Home Sacred life The ethics of evolution

Perhaps it is my biologist parents, or my gaelic genes, but the festival of creation, the drama played out among billions of living creatures every day has always been a first testament for me. Older than the first oral tradition that eventually grew into the Hebrew Bible. Old as atoms colliding for the first time, or the first faint rays of light rushing headlong outward from the start, messengers racing to a destiny with those who would be waiting to see and learn billions of years later.

The natural and the divine simply are, inextricably linked. So when Scott Bader-Saye (Professor of Ethics, Seminary of the Southwest, and pretty cool dude) commented in a seemingly off hand manner (no ethicist is ever really off-hand), that there was a problem with evolution, my mind began running. Simply put he argued evolution runs counter to what God expects of us: Justice for the weak and the vulnerable. Survival of the fittest? The strong praying on the weak? It’s a problem, he said.
I’m not so sure. Oh from our anthropocentric view of course it is. But perhaps it is that view itself that causes the problem. We see the injustices in our society that are spoken against in the Hebrew and Christian scriptures when we look at the animal kingdom. We watch lions chase down a sick gazelle and wince, surely in a just world such a gazelle would be protected, cured, not preyed upon?
Life and death are linked, and death has, for us, been something to fear. But I think perhaps we must move past that understanding and realize that death is simply a given for life. Without it there can be no life. Even if the lion and the lamb someday were to lie down together and graze, there would be death for the grass. The death of the grass however, is immediate resurrection for the doe, whose death gives resurrection in the moment of her death to the wolves, and so it goes on through the round of time. The telos of each may not be merely “deerness” or “wolfness” so much as to experience and provide resurrection through their own, eventual death.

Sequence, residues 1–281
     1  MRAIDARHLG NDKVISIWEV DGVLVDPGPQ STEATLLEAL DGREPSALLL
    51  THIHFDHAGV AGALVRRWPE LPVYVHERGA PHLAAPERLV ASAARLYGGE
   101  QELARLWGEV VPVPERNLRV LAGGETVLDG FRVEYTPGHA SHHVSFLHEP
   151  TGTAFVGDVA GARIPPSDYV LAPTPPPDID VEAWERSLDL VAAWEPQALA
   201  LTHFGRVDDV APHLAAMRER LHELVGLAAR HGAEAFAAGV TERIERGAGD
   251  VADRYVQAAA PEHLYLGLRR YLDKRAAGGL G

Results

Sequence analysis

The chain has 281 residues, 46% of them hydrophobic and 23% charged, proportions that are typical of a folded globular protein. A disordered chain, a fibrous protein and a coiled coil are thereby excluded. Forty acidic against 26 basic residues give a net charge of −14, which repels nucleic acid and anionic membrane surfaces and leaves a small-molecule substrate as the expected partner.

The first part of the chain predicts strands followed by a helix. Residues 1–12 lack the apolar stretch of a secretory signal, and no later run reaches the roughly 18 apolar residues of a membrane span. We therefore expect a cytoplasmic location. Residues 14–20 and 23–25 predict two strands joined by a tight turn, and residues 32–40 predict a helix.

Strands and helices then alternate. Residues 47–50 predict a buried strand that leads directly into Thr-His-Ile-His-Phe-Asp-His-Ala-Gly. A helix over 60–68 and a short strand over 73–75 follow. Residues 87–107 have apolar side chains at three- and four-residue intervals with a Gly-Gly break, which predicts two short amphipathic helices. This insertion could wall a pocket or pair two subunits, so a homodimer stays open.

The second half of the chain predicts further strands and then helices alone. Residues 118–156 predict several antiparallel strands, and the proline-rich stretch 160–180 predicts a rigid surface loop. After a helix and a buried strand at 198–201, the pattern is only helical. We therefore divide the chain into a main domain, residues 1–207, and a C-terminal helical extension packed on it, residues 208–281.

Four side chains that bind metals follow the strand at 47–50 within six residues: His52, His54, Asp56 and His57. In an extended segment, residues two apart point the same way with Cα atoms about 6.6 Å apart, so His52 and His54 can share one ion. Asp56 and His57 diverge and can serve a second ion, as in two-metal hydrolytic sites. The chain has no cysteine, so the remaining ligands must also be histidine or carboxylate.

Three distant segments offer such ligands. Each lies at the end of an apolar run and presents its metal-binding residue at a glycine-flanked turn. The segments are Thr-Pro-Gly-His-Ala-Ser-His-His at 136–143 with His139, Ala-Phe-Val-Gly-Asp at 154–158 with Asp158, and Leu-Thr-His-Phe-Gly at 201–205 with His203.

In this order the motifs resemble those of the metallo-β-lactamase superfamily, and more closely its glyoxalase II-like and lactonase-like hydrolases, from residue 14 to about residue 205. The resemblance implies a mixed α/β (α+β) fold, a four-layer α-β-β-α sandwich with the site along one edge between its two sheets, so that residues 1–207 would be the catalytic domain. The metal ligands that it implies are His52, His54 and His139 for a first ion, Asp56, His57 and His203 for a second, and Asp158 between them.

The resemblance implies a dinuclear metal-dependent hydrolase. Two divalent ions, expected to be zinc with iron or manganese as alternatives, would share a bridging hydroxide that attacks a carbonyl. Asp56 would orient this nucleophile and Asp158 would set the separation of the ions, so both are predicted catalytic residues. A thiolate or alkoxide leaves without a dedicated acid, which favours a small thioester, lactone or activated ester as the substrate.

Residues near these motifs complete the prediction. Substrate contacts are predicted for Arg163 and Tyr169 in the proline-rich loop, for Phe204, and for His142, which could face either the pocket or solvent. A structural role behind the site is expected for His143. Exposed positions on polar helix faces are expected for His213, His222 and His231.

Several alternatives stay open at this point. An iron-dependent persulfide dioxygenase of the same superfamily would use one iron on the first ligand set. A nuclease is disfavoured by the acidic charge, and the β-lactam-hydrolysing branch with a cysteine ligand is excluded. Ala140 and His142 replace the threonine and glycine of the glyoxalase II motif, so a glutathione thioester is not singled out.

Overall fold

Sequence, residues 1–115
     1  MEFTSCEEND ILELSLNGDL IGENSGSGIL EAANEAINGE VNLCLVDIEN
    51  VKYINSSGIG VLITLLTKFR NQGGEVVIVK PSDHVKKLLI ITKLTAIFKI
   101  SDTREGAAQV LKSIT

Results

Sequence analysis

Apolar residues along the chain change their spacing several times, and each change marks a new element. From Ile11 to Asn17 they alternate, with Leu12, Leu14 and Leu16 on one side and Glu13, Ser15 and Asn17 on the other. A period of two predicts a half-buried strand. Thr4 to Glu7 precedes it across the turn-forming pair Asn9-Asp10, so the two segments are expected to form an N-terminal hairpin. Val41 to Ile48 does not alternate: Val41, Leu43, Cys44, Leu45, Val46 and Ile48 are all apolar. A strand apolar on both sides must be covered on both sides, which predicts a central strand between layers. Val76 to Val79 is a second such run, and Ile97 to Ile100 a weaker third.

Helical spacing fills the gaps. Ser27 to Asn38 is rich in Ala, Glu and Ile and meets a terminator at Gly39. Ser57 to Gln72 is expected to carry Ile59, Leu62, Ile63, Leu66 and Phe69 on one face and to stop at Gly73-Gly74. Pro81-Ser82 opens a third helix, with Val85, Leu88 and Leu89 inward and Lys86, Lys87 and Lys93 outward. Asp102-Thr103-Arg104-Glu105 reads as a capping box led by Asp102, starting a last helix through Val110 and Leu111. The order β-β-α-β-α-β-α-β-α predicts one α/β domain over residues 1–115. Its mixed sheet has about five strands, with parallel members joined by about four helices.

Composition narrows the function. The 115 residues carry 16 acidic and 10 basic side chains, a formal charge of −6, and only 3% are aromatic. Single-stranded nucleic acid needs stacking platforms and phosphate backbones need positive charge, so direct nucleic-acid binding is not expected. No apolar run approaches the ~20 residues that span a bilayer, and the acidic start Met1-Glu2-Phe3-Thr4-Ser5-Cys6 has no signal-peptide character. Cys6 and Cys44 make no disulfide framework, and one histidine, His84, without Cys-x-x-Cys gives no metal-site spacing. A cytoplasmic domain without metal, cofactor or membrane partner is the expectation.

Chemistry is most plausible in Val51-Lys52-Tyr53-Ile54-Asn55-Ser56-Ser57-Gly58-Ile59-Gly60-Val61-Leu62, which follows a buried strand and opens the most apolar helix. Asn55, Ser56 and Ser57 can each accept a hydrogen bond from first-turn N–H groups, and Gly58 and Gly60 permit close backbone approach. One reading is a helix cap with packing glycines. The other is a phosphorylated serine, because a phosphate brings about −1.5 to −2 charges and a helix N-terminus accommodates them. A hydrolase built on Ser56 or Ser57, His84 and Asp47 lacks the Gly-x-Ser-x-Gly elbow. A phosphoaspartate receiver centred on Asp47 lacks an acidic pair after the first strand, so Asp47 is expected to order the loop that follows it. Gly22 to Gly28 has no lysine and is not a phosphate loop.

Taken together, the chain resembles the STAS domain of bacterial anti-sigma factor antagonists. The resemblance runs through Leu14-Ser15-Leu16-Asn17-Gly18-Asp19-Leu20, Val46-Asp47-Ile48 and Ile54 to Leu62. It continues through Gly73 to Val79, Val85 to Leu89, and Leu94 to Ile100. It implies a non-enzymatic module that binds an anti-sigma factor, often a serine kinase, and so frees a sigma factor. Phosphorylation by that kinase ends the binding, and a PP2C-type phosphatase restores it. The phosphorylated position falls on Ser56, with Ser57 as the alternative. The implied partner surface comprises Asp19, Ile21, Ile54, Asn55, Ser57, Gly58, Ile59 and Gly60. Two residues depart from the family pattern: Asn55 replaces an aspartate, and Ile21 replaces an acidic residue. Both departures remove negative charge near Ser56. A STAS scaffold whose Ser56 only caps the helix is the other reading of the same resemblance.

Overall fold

I believe that creation, like its creator is not static. It rolls forward in perpetual change, because creation never ceases. It was a not a painting set once and meant to remain so forever, but for Eve’s transgression. It has more in common with a symphony, or perhaps a jazz improv session. The beauty comes from the very fact that the notes change, each giving way to the next in due course. It is only human beings who long to never have to bow they way off stage, to never give up the spot light to the next performers.

Actually the image of an unchanging, set creation that comes with the loss of evolution sounds less like a garden of Eden created by a Creative, wild, powerful, awe inspiring God and more like a child’s diorama. Staid, safe, plastic. Is evolution so counter to God? Is it unjust, or does it, rather, reveal a creative God. A God whose speaking is not finished, who is still allowing creation to hazard yet another wonderful and strange adaptation here, there. As individuals come and go across this concert stage the great symphony of life goes on building on what has come before like a crescendo of chorus.

There was a time when the great forests of the midwest were filled with packs of wolves, and their clearings were populated by herds of white tailed deer. The wolves hunted the deer. They preyed primarily on the sick, the old, the weak. Only the fastest, the most alert, with the best ears and noses survived to produce another year’s fawns. Only the wolves that worked together, communicated, and had the stamina to outrun the swift deer went on to raise next year’s pups. And so it went. Until we came, and soon there were no wolves.